Artists Andy Meyer and Lucie Shearer share the bill for an Easter egg-filled show that opens on Friday, Sept. 6

“Synthetic Reveries,” a duo show featuring artists Andy Meyer and Lucie Shearer, begins before you even set foot inside 934 Gallery.

The north wall outside of the building in Milo-Grogan features a large-scale, collaborative mural, half painted by Shearer (a moody, reclining, blue-hued figure) and half by Meyer (a surreal, imaginative landscape). Visitors purposely enter where these two worlds meet, at a door that opens right where the skull of Shearer’s figure spills open, giving way to Meyer’s colorful contribution. It’s just one in a handful of Easter eggs designed to reward perceptive attendees, or, in the case of a heart painted on the wall behind one of Shearer’s works, nobody outside of the artists themselves.

“When this one comes down,” Shearer said, removing one of her paintings from the wall to reveal a hidden heart below, “it’ll be like, ‘I love you!’ So no one will even know about it, but Easter eggs are one of my favorite things.”

These sometimes-buried surprises add further dimension to “Synthetic Reveries,” as if even the building itself is in conversation with the artwork. Such is the case with the carpet that “drips” out from Meyer’s installation (which was still very much a work-in-progress on a recent Saturday morning) or the walls of the gallery itself, some of which are spray-painted in galactic swirls of color, like extensions of the canvases hung upon them.

Prior to being paired for this show, which was initially scheduled for October 2018 and then pushed back a season, Shearer and Meyer had only passing knowledge of one another. (The gallery paired the two because they share a color palette, as well as some loose thematic threads.)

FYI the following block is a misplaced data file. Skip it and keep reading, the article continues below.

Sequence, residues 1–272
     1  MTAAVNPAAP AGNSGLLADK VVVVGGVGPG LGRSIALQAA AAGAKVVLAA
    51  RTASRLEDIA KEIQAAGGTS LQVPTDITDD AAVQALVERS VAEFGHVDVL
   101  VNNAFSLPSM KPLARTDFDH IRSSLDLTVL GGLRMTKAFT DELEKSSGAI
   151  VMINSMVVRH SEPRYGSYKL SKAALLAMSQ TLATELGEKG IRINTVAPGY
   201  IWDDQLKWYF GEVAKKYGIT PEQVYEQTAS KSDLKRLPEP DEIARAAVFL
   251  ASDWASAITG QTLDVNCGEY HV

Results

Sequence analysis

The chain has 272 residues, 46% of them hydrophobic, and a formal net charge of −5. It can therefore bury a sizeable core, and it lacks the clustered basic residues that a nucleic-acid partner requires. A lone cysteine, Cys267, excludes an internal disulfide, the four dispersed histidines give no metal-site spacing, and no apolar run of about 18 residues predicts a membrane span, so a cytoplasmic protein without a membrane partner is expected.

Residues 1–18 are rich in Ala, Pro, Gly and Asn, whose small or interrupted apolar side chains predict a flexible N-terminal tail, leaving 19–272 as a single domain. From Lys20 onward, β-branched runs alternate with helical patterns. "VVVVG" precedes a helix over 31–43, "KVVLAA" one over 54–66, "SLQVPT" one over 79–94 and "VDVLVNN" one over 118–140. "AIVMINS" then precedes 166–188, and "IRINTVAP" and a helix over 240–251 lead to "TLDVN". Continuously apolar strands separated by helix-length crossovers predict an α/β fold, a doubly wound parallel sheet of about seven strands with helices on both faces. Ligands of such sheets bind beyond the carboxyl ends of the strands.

“Some of the visual language we use is similar,” Shearer said. “We use a lot of figures and portraits and talk a lot about the relationships between people.”

But while Shearer’s conversations tend to be internally driven, resulting in arresting, soft-glow portraits that wrestle with ethereal concepts like human connection, Meyer’s works more often deal with the ways in which technology impacts human relationships. “My whole shtick is how we succumb to this information age,” Meyer said, “and how we manufacture and curate our digital identities.”

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One piece Meyer is working on for the show features repeated desktop icons borrowed from early Macintosh OS systems, stucco-like textures and muted, coral-esque patterns that appear to be natural but are actually digitally generated. “I discovered this process in Photoshop where, if you give Photoshop some input points and create an action, it’ll create this algorithmic, blob-like texture,” Meyer said. “I thought there was a really interesting metaphor in how technology mimics nature, and in how you can get such a natural looking coral texture from something machine-made. … A part of my process has been asking, ‘How can I emulate texture?’ The world of the internet is flat — flat screens and pixels — and I wanted to explore more mixed media instead of just traditional screen printing.”

While prepping for the show’s original 2018 date, Shearer initially wanted to do “everything,” as she explained it. “I wanted to touch every type of material and have tons of work on the wall,” she said. With extra time, though, she decided to pare back, expounding her energy on a handful of more carefully curated pieces, including digital works and more traditional oil paintings.

Meyer, in contrast, moved on from the idea of curating a “subtle, minimal show,” expanding his vision to include video installations and heavily doctored screen prints. “It was like, ‘Oh, man. I have to try everything now,’” he said, and laughed.

As a result, less than two weeks from opening, Meyer’s half of the exhibit space was slightly more unkempt than Shearer’s tidy room, filled with boxes, televisions, Roman columns, drop cloths and in-progress canvases.

“I was talking to Lucie about this, and the deadline of the show is literally when I’ll be like, ‘OK, the pieces are done,’” Meyer said. “If I have a screen print, everything is premeditated and ready to go. But for something like this, where I’ve never been a painter, and I’ve never been a mixed-media artist, it’s like, ‘Well, I could probably keep going, but I guess time is up, so I should stop now.’”